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(en) zabalaza #4 - Latin American Voices: LENY OLIVERA (Tinku Youth, Network of Autonomous Groups, Cochabamba, Bolivia) Speaking during the Anarchist Days 2 meeting at Porto Alegre, Brazil, 27 January 2003.

From Worker <a-infos-en@ainfos.ca>
Date Mon, 30 Jun 2003 08:50:32 +0200 (CEST)

A - I N F O S N E W S S E R V I C E

I identify as Quechua because my father speaks Quechua [one of
Bolivia's three major indigenous languages]. I work in a cultural
group, but it's not just cultural: we also work with social topics. I
like to work there because in our group we do a variety of things:
we work in ecology; problems in our society; the music that
revitalises our culture. I continue working there because I think it
should be very integral, because at school I never learned why
poverty exists in all the world, why some people don't have
anything to eat, and many things about our culture. I think I
learned more things on the streets in my group than at school or
worse, the university. Now I'm studying through a university but
don't think that the things that I learn - it's simple, technical things
- it's useful, but it's just technical things. It was disappointing for
me because there is no social consciousness to help our society
according to our career.

I study computer science and it's just like a tool for me. And other
aspects like social consciousness and other things I learn in the
streets, on marches and going to the communities - because we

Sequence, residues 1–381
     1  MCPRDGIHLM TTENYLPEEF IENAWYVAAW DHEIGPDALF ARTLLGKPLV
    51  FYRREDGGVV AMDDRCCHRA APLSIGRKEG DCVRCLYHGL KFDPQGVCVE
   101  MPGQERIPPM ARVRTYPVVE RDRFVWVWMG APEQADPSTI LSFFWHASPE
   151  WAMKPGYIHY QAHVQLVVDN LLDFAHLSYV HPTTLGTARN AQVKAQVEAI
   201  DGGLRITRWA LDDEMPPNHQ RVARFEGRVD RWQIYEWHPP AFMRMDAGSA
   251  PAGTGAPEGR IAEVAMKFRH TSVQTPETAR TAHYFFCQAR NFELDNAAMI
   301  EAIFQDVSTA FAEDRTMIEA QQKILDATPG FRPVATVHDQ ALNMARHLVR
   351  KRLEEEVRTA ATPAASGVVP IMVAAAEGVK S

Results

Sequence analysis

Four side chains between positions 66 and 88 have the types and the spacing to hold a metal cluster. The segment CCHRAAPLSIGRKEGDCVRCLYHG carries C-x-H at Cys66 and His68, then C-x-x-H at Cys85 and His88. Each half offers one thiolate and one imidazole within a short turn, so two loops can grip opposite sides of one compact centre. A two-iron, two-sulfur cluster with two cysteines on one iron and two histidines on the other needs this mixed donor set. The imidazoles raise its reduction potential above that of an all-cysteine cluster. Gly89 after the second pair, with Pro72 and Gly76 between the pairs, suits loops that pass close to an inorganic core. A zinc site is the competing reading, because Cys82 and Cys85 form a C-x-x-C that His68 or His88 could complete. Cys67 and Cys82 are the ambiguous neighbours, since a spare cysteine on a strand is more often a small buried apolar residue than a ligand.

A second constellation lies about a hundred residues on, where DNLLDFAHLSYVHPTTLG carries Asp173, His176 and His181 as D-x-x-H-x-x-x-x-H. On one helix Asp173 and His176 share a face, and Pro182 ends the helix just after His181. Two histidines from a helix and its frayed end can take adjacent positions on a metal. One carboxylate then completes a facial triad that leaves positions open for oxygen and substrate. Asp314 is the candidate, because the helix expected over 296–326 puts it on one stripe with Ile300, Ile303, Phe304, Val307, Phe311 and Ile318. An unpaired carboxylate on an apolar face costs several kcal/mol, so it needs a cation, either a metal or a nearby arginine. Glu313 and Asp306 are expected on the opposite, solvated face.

also play music from our communities and we are learning little by
little more things to remember. And, well, about anarchism, what I
understood about it was that, first in Bolivia this word is like a
mess, it's a bad word in some of the countries. But for me it's
excellent - but I see also that it's difficult. I couldn't see a person
that was anarchist 100%. It's difficult to take out all of the
structures that we have in our minds, but it's a good step to
recognise that we have to take it out. I think it's an important thing,
but the problem is that since we are at school, and they put in our
minds a lot of structures, a way of thinking with this global system.

It's very terrible; that's why I say that I'm in the process of
destroying those structures. I believe in anarchism, but I am trying
to be [anarchist] because I should change more and I'm conscious
that I have more structures [to destroy]. I also see that I have
changed in some aspects too. We don't have many contacts in
Bolivia with groups that are anarchist so we are just like the little
ones that speak loud about it because it's about all of us as I told
you. The ones that say they are anarchist, they are also for
example macho; the men have something that should change
more. It's difficult to say I'm anarchist because it should change
more. So for me it's like this and that is a good option because we
are accustomed to be guided by someone, to just do what
someone says and we're not free. For example in Bolivia most of
the people think there should just be leaders to change something.
I think that all of us can do it; it's more powerful that everyone can
act because all of us can do it. So, we are working on that but I
think it's a process.

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